We should all know by now that retinol has numerous skin benefits, including delaying the effects of ageing, reducing the occurrence of acne and also promoting skin tone that is more even. But why does it seem that using this highly raved skincare ingredient only causes our skin to itch, flake and even burn? Dr Rachel Ho, medical director at La Clinic, shares that side effects such as retinoid dermatitis or retinoid burns can occur if the product is not used properly. “Using retinol when the skin barrier is compromised can worsen the condition. Using retinols with inappropriate skincare ingredients like AHAs and BHAs or using retinols that are too strong too frequently can also cause injury to your skin.”
She adds that retinoid dermatitis or retinoid burns are forms of irritant contact dermatitis, and should not be confused with skin purging or a hypersensitivity reaction (allergy). “In the process of increasing cell turnover, the top layer of skin gets sloughed off faster than the newer skin cells from underneath can replace this top layer, causing a transient compromise to the skin barrier,” she explains. “The appearance of retinoid dermatitis or retinoid burns is that of redness, hypersensitivity, peeling, tenderness and blisters.”
How will you know if your skin is reacting well to the use of retinols, then? Dr Ho explains that you should experience its benefits within approximately four to eight weeks. Additionally, you should be able to tolerate the use of the product without experiencing any symptoms of retinoid dermatitis. With that, she shares some tips on how to safely use retinols, so you can reap its rewards without the pain.
Tip 1: Pair with sunscreen in the day
“Because retinol increases the rate of cell turnover, the skin sheds and becomes thinner, thus increasing its sensitivity towards UV rays,” explains Dr Ho. Hence, she strongly encourages using SPF during the day with regular reapplication to prevent sun damage.
Tip 2: Use with moisturisers
According to Dr Ho, dryness is a common side effect of using retinols, so using moisturisers will certainly help in reducing this experience. “I recommend using hyaluronic acid and ceramide-containing moisturisers as these ingredients can also strengthen the skin barrier without compromising the effects of retinols,” she says.
Tip 3: Use only at night
Dr Ho explains that sunlight reduces the effectiveness of retinols, so it is best to use it in your night time routine instead.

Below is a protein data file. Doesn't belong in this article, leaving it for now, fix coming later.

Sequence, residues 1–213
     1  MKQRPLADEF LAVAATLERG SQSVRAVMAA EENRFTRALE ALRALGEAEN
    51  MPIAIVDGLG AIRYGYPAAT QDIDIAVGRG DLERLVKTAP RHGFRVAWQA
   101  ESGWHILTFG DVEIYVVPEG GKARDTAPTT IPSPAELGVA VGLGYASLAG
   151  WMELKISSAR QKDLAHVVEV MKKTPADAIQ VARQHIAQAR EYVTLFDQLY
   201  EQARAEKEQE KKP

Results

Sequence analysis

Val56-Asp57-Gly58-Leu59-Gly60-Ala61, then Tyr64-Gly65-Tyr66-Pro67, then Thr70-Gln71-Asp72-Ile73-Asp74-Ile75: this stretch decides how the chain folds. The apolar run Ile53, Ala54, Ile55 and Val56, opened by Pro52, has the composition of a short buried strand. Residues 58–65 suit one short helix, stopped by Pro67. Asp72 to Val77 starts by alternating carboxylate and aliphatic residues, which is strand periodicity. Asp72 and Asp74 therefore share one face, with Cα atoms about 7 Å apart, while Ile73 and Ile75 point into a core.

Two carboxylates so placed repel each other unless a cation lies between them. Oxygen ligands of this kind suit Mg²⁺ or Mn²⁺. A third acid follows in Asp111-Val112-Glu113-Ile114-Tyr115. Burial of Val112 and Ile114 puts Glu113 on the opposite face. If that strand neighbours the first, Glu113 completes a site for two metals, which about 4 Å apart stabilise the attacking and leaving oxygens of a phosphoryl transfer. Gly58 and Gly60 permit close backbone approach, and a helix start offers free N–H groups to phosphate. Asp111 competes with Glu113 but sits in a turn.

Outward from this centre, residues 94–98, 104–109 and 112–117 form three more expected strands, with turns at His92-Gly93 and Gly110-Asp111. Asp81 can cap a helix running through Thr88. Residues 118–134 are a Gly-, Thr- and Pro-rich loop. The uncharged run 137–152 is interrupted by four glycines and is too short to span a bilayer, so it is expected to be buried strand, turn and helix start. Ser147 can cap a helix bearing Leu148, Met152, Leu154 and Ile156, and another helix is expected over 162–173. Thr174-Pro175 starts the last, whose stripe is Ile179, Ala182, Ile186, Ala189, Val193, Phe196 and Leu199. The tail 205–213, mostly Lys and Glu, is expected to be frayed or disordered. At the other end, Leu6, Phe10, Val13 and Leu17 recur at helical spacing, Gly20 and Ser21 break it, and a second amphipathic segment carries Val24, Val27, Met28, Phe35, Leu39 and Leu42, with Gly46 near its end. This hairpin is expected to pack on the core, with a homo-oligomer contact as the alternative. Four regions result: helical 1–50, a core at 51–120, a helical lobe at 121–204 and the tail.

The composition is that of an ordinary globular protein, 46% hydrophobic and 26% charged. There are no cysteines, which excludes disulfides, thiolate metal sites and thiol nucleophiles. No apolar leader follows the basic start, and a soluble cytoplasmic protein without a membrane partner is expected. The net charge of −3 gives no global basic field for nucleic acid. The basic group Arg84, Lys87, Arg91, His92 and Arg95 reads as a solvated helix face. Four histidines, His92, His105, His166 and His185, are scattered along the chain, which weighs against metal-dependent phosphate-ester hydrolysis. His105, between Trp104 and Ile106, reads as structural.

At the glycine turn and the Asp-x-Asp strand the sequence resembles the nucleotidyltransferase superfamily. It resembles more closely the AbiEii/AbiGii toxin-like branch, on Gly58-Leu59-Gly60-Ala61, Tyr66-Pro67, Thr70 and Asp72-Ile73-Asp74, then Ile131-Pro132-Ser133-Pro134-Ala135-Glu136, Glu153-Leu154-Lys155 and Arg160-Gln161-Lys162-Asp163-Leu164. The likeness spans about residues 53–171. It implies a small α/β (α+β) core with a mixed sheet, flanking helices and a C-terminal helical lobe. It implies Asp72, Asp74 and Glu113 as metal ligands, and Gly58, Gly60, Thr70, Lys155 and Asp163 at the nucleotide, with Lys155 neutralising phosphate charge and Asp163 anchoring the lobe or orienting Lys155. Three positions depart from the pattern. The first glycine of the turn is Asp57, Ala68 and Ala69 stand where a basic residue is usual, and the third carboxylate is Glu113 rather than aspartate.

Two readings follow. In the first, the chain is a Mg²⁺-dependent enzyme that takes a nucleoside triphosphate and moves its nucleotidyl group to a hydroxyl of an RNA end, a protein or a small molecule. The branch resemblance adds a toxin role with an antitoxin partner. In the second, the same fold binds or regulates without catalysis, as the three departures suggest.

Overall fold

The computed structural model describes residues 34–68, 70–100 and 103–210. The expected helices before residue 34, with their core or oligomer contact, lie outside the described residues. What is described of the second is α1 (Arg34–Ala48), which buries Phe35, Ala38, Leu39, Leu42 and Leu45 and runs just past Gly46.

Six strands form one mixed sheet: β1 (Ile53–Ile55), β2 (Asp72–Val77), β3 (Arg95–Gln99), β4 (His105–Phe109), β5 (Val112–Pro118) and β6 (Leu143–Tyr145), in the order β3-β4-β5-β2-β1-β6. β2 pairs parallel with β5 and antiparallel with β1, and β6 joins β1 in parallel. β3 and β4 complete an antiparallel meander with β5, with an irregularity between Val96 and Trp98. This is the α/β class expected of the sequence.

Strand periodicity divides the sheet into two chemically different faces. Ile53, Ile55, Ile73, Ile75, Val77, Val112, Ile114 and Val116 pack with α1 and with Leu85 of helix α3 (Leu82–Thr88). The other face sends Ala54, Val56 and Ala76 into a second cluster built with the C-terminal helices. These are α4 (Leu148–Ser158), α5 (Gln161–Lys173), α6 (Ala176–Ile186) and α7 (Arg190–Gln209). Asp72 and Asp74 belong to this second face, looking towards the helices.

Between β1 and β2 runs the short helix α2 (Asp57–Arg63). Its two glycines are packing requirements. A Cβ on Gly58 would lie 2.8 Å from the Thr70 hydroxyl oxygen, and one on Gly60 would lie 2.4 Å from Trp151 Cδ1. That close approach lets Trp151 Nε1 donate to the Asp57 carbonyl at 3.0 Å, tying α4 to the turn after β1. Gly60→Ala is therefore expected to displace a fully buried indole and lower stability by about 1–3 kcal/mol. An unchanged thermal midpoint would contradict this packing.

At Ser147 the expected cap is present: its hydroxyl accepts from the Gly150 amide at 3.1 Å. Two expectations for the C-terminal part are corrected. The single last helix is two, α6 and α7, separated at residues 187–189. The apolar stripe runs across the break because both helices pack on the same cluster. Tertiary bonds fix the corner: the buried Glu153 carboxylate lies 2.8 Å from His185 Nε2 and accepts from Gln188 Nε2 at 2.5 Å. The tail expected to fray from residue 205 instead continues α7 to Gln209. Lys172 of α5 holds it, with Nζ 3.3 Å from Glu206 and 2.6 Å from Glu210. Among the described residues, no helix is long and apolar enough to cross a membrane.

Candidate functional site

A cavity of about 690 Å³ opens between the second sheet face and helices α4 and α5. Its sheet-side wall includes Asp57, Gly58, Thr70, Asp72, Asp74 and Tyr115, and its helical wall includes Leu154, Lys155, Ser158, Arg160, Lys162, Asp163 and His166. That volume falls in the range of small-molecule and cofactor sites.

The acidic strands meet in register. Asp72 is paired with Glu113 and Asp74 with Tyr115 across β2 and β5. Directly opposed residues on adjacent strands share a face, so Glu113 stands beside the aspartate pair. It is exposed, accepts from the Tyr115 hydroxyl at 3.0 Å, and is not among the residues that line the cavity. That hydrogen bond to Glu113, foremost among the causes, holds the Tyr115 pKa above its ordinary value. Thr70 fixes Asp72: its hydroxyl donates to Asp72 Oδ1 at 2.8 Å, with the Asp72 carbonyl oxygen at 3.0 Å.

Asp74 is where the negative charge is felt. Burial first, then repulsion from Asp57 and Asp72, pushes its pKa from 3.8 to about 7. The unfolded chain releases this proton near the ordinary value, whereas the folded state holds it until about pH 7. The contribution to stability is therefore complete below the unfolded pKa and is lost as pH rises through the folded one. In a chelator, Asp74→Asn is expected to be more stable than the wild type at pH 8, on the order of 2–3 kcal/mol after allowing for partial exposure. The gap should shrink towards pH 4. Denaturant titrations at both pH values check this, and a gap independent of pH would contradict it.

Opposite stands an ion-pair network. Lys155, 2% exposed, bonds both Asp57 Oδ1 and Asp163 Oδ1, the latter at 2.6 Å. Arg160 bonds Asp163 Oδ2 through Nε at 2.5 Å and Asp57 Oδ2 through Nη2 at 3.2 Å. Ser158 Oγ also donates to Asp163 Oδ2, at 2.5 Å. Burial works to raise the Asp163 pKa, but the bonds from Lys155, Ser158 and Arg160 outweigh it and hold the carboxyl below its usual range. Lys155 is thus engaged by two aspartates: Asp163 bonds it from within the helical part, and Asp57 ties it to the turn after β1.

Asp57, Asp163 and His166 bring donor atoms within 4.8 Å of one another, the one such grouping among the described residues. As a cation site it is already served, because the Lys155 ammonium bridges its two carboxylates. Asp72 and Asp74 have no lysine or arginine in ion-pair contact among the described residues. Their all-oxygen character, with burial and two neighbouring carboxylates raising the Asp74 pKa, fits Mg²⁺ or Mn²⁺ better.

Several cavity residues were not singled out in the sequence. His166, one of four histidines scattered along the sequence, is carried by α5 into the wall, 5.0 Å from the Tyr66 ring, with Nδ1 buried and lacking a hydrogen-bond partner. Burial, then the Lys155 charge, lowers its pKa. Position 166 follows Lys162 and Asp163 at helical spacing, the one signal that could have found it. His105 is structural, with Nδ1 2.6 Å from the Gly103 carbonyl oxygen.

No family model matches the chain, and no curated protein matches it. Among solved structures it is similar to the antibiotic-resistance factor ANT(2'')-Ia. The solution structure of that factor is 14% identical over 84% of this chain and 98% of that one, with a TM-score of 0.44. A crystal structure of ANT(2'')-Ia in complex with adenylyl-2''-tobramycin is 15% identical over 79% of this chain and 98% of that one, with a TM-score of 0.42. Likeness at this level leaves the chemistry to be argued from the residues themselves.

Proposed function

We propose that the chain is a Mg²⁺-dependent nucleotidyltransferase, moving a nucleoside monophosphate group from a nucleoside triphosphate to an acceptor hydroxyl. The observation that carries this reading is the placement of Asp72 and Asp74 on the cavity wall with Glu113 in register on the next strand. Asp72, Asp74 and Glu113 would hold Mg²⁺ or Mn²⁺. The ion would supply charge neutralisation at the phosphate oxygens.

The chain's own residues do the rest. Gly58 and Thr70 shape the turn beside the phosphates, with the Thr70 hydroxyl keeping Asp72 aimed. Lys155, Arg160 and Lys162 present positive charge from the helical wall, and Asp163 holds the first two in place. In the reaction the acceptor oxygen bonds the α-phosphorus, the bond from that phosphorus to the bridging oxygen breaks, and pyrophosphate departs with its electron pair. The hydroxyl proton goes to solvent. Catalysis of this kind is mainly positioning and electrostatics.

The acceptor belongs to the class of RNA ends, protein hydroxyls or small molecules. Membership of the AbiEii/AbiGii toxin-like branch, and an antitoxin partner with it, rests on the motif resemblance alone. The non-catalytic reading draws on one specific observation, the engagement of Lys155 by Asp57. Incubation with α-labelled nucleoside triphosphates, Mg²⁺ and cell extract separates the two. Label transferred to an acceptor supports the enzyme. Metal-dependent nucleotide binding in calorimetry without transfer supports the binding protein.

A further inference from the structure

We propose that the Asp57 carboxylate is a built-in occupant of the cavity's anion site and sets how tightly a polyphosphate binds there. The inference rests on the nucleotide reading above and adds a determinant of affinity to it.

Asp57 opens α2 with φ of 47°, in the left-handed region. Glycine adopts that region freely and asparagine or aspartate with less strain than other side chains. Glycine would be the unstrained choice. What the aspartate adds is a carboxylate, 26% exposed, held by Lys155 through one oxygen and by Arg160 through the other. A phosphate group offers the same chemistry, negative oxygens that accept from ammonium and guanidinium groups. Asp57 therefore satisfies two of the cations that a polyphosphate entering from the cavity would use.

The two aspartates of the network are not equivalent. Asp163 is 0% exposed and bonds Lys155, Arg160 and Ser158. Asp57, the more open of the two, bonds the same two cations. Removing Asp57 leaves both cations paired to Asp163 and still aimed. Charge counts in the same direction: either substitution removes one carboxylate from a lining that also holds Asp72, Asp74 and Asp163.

Tip 4: Start with formulas at a lower percentage
“If you are new to retinols, start with a lower concentration first, such as 0.1 per cent to avoid side effects such as retinoid dermatitis,” Dr Ho advised. She also shares that you should only increase the formula’s retinol percentage only when your skin is able to tolerate the use of retinols nightly.
Tip 5: Consider stronger retinoid formulas only when you’re ready
“Formulas with retinaldehye requires fewer conversion steps to retinoic acid as compared to retinol,” shares Dr Ho.
She explains that all forms of retinoids, including retinol, will eventually be converted to retinoic acid (the bioactive form of retinoid) when it comes in contact with receptors in the skin. “If you tolerate retinols well, consider using more potent forms of retinoids such as retinaldehyde for more dramatic results.”
Tip 6: Try the “retinol sandwich” method
“If you are are unable to tolerate using retinols despite using moisturisers, consider sandwiching the retinol between two layers of moisturisers,” suggests Dr Ho.
She explains that the first layer of moisturiser acts as a physical barrier to reduce the skin’s uptake of retinol. Though this method decreases the retinol’s efficacy, it also reduces the dryness and irritation, helping your skin to tolerate the use of retinol.
Tip 7: Avoid using acids, otherwise consider skin cycling
“Avoid using acids like AHAs and BHAs together with retinols, as this increases the risk of developing retinoid dermatitis,” warns Dr Ho. Instead, she suggests alternating the use of acids and retinols on different nights.
“Skin cycling is a practice where the users exfoliates with acid on one night, followed by retinols on the second night; and resting of the skin for another two nights,” she shares. “This skin cycling method is said to allow users to tolerate both acids and retinols better.”